Does Asset Allocation Matter? (Will I Run Out of Money in Retirement?)

Since my recent posts discussing my own asset allocation and my thoughts on Treasury bonds vs. Vanguard’s Total Bond Market Fund, I’ve gotten a steady stream of emails about asset allocation–especially for retirees or soon-to-be retirees.

That’s good. It’s an important topic.

But I think it might be helpful to back up and remind ourselves that asset allocation isn’t everything. For example, any of the following factors can play a larger role than asset allocation in determining how likely you are to run out of money during retirement:

  1. How long your retirement lasts,
  2. What withdrawal rate you use (including amounts paid for mutual fund expenses, brokerage commissions, or advisor fees as part of your withdrawal rate),
  3. What portion of your portfolio you choose to annuitize, and
  4. Whether or not you make any big mistakes (bailing out near a market bottom, for instance).

Withdrawal Rate and Length of Retirement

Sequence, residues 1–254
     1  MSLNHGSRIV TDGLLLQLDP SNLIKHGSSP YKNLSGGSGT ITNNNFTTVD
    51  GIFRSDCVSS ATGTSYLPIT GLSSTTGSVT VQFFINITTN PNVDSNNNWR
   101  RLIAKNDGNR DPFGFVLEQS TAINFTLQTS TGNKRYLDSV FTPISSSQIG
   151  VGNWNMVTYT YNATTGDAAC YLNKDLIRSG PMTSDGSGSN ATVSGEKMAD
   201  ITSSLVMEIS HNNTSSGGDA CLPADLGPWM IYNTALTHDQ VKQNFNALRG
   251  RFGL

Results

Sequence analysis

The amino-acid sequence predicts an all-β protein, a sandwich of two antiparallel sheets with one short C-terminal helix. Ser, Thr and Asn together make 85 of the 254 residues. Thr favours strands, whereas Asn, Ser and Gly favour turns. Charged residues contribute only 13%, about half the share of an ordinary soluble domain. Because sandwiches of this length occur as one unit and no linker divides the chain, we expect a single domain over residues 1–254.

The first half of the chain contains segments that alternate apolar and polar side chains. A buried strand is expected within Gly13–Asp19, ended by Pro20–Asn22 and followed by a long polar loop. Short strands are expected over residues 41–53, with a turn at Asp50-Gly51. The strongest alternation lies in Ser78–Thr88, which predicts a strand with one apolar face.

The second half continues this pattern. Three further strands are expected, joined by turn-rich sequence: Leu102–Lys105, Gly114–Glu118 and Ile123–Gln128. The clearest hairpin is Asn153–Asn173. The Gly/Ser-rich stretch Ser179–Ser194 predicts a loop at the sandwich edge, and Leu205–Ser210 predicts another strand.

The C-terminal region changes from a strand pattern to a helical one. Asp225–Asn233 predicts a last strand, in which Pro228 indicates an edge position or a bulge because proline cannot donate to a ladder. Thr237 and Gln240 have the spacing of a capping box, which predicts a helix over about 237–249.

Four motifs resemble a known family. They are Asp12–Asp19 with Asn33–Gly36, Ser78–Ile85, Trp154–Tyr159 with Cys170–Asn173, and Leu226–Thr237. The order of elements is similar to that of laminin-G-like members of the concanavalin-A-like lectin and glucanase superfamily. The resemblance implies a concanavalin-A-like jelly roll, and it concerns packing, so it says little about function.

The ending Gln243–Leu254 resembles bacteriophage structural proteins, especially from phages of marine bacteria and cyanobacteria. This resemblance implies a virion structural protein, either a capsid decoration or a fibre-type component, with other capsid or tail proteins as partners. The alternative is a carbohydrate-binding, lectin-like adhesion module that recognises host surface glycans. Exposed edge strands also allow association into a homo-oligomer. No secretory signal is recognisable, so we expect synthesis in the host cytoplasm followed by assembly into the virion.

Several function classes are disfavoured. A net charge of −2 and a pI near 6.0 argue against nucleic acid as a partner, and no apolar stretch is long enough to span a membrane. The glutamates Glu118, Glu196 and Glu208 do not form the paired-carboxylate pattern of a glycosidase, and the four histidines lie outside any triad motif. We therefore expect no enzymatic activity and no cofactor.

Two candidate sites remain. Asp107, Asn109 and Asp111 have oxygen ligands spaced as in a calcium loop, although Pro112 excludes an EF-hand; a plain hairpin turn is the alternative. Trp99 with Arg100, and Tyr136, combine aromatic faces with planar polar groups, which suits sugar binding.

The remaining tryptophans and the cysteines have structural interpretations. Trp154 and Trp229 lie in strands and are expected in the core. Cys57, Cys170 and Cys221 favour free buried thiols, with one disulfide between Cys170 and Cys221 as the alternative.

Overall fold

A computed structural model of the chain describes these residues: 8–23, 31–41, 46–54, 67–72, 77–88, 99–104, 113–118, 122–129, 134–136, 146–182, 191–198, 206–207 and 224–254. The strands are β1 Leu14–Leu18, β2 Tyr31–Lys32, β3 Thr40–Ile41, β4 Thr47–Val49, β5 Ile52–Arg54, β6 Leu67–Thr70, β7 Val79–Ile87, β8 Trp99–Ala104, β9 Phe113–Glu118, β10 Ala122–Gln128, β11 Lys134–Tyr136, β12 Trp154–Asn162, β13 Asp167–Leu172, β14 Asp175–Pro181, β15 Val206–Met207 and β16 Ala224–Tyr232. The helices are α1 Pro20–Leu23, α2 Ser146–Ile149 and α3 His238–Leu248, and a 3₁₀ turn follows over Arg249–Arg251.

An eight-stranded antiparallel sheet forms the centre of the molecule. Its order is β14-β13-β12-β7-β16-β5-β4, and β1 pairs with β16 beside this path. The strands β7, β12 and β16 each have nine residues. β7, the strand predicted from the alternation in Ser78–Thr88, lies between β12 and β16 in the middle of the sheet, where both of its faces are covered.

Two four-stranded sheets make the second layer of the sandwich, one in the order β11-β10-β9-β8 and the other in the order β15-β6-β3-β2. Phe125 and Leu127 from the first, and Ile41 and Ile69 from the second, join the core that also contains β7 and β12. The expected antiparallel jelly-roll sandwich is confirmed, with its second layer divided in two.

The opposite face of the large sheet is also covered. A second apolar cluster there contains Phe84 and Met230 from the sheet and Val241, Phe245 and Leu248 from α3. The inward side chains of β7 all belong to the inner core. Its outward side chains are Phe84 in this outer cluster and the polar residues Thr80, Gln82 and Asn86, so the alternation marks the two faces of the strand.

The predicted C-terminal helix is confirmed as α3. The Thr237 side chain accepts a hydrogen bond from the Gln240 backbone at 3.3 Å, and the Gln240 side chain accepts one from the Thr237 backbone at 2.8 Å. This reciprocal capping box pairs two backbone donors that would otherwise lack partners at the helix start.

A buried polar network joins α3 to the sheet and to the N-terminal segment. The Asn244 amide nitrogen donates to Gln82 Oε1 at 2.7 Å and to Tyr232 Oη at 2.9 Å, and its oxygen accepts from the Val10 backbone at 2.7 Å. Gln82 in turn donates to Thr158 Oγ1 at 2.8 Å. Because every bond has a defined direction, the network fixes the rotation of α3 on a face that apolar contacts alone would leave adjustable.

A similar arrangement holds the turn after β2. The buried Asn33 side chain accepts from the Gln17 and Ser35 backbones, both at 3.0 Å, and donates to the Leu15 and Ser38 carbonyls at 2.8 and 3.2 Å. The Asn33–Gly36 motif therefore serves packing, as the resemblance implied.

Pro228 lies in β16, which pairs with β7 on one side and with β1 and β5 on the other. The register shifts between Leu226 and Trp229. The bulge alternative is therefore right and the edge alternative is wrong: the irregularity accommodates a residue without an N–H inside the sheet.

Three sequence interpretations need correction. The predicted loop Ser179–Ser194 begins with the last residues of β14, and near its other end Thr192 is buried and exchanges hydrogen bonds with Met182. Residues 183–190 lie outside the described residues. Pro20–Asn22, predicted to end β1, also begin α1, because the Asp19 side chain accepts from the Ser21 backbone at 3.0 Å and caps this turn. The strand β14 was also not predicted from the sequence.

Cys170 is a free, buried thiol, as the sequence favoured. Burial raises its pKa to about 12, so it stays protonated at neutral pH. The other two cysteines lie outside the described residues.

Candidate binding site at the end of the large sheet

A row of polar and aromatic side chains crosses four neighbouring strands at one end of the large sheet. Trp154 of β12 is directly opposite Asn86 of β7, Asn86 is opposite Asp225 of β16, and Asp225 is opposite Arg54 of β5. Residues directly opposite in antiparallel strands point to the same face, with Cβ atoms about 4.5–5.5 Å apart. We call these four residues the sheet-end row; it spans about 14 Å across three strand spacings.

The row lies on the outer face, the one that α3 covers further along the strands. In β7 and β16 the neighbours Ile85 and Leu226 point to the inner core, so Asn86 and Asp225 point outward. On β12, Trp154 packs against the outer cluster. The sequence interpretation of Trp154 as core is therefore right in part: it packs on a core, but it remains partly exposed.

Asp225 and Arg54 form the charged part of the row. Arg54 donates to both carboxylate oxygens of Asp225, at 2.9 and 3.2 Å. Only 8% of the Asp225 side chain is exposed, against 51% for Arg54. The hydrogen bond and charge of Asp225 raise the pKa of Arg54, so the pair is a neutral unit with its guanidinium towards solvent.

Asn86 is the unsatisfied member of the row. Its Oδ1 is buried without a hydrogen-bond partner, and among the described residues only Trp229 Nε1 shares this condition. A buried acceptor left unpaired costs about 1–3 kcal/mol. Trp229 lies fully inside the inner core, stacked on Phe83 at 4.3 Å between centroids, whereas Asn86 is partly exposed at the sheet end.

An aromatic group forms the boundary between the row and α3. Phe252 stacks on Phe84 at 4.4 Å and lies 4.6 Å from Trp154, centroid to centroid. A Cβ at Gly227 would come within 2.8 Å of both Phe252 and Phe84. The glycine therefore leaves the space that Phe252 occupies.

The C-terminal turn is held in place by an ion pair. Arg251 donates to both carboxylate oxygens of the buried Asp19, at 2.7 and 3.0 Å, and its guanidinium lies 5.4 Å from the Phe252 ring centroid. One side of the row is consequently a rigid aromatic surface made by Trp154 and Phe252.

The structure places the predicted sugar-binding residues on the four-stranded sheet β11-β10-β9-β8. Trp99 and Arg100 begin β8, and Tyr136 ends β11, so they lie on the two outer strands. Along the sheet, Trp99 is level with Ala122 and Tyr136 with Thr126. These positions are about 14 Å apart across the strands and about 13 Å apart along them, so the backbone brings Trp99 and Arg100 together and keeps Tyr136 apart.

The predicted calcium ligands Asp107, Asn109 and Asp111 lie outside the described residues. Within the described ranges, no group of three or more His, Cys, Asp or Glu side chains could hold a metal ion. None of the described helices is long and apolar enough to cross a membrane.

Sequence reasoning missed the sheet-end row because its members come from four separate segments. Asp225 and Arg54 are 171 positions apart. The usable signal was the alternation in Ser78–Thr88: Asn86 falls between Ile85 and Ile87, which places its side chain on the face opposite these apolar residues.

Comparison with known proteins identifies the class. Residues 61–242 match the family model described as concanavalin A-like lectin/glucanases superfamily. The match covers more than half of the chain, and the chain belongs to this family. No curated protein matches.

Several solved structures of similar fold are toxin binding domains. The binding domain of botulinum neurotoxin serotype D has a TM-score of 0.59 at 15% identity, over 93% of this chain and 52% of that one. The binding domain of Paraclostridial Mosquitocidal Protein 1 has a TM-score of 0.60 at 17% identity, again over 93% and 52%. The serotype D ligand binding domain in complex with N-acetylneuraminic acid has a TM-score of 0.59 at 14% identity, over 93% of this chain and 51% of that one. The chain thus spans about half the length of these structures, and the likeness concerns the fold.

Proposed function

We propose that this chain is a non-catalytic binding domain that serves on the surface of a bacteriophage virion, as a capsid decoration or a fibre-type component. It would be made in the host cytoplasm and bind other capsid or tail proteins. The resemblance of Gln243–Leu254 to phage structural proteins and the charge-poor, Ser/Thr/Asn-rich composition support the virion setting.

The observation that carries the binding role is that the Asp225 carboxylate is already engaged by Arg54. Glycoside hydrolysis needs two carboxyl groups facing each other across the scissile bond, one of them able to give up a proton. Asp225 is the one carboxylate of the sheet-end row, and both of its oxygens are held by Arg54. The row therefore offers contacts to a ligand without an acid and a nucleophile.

Acting in combination, length of retirement and withdrawal rate are the most important factors as to whether you outlive your money or vice versa.

For example, if you’re looking at an expected retirement length of just 10 years, and you can afford to (and plan to) use a withdrawal rate of just 3%, then regardless of what asset allocation you use, it’s almost impossible for you to run out of money.

On the other extreme end of the spectrum, if your retirement could end up lasting 30 years or more, and you’re looking at a starting withdrawal rate of 8%, that’s a problem. Before fiddling with your asset allocation, you need to find a way to retire later and/or reduce your level of spending.

It’s only in the middle range–the “maybe I have enough, maybe I don’t” range–that asset allocation comes to play an important role.

Annuitizing (a Portion of) Your Portfolio

Next in order of importance comes the decision of how much of your portfolio to annuitize. [Reminder: A lifetime immediate fixed annuity with inflation adjustments functions very much like a pension--the annuity provider (an insurance company) pays you a predictable amount of money every year until you die, at which point the money disappears.]

If you decide to annuitize enough of your portfolio to completely satisfy your basic spending needs, then you can afford to use either a high-risk or low-risk allocation with the remainder of your portfolio–neither choice puts you at risk of running out.